Luis Mari AltunaAltuna


Luis Mari Altuna
Front
Born in Mutriku (6/16/34), still lives in Mutriku
Wife (Arrate), and one daughter


Altuna made his professional debut in Mallorca (Fronton Balear) in 1953. He also played in Italy (Naples). In the US, he started in Tampa during the 1953 season and finished his career in 1968, after 10 years at Dania and Daytona. He has always played under the name Altuna. Recognizing him as a strong front court player, the Dania program described him thus:

"He has a blazing forearm delivery with the knack of knowing just where to place the ball. A consistent performer."

His nephew, Jose Luis Altuna, played in Dania during the late 80's and 90's. He, too, played under the name Altuna.


A young AltunaDYR: Tell us about your first steps as a young amateur.

"I started playing with a bunch of friends, among them were Txurruka, Piston, Egurbi, Ondarrés, etc. In those years everybody played jai-alai. We didn't have a coach ... we just learned watching each other play. My idols were Txutxo Larrañaga, Orbea and Piston.

We played partidos and practiced almost every day. Most frontons were in bad shape ... if it was raining, I couldn't practice in Mutriku because the fronton didn't have a roof. Markina was our option if it rained. I paid 50 cents for my first basquet."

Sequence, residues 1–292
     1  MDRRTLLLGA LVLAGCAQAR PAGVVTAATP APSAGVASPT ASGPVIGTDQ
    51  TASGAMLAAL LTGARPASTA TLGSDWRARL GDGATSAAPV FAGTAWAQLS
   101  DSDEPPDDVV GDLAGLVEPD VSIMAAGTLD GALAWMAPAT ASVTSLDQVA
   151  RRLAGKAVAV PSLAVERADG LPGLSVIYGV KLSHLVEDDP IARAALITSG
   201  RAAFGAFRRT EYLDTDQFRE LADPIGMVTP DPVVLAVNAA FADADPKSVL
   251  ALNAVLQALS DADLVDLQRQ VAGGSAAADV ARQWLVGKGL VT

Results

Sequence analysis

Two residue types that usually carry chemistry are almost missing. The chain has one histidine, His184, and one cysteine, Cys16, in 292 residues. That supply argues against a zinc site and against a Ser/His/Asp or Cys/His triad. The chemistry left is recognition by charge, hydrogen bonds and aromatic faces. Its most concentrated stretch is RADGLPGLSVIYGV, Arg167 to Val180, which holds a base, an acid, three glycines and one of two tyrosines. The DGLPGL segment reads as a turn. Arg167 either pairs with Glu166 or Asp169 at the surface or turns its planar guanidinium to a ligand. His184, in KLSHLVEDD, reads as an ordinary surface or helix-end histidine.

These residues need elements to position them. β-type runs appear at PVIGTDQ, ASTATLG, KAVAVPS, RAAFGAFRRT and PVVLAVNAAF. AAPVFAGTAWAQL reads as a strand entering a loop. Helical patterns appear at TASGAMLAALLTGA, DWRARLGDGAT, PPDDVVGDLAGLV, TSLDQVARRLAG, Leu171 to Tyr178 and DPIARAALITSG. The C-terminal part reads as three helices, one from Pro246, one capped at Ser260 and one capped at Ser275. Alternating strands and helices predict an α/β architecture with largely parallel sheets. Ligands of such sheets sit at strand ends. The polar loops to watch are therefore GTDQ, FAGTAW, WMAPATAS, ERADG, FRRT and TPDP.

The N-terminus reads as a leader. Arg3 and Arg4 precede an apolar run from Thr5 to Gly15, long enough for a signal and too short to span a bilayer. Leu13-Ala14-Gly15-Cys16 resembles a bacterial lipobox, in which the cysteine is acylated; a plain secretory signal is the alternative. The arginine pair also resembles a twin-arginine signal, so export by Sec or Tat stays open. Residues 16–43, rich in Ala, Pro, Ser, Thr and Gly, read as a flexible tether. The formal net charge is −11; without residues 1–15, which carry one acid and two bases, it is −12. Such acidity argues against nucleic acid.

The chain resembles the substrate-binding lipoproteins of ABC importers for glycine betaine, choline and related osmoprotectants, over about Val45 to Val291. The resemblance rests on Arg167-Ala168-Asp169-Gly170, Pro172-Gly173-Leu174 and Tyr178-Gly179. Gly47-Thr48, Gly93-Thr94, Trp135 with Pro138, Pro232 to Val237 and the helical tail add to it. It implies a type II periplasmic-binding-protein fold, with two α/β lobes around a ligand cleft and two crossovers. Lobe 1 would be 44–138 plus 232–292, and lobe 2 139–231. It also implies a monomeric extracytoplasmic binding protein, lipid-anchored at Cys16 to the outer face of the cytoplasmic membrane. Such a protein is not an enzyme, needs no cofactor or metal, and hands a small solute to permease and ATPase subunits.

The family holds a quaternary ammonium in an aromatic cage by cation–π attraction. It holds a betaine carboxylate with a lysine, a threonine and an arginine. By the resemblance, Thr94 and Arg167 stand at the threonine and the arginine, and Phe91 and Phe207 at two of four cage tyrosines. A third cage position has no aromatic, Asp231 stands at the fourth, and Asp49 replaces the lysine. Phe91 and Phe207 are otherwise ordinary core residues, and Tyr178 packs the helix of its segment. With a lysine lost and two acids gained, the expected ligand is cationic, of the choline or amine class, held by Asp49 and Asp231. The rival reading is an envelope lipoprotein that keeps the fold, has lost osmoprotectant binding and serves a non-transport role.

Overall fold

DYR: How about your US experiences, especially your first signing?

"Woo! I was so excited that I couldn't breathe ... to play in the US, it was all we dreamed about.

The competition in the US frontons was much tougher than anywhere else. Each roster possessed great players. What I didn't like was to play quinielas ... I loved to play partidos. Personally speaking, jai-alai should be partidos not quinielas, but that's only my opinion."

 

Tuna Fish
Laca hooks a 'big one'

That's Altuna
(a/k/a "Tuna Fish")
in the whirlpool.
Dania trainer Tom Murphy looks on.

DYR: Do you see any solutions to the problems jai-alai has today?

"I just don't find solutions ... people are not interested in the game. In my opinion we will never see (I hope I am wrong) what jai-alai used to be. It's sad, but true!"


Durango 1Durango Ezkurdi tribute to Altuna (1983)
l to r, Marcoida,
Altuna,
Goyogana (Goyo),
Txikito de Bolivar

 

Durango 2also Echeva,
Bolivar (again),
Aramayo


DYR: When you retired from the professional arena, you were hired to manage Danok Bat, Mutriku's Amateur School. Tell us your experiences there.

"We had a lot of kids ... a lot of them! I think at one point we had more than 100 kids in our school. During the 80's a lot of people played jai-alai ... there were more cestas on the streets than cars, ha, ha, ha. The kids practiced 4 or 5 times a week and also they played about 4 partidos a week. It was a special stage in my life ... very special!"

Altuna with Ondarra
Ondarra: '61/62 Most wins

Kneeling: Altuna & Laca
(others -
help w/missing)
Ricardo, Ughy,
Erdoza (Court Judge),
Alex, Aldecoa,
John Johansson (Butler-Host),
Bari (P.M.), Adolfo

DYR: Now that you're retired, what do you like to do to kill some time?

"Well, it's not easy to kill some time when you are retired, ha, ha, ha. I walk a lot and I like to swim. I wish I could practice, but I'm too old, ha, ha, ha."

DYR: Altuna, if you were a kid again, would you become a pelotari?

"Oh, yes! Without a doubt! What I experienced in my jai-alai career was great ... I can't explain."


Daytona 62 Roster
Player Manager Enrique (Kiki) Valenzuela with the 1962 Daytona roster.
Altuna's in there, somewhere. How many can you name?


Altuna/Mutriku
Altuna, at home today in Mutriku

Interview date: 10/25/05
© Copyright 2005, RSB Associates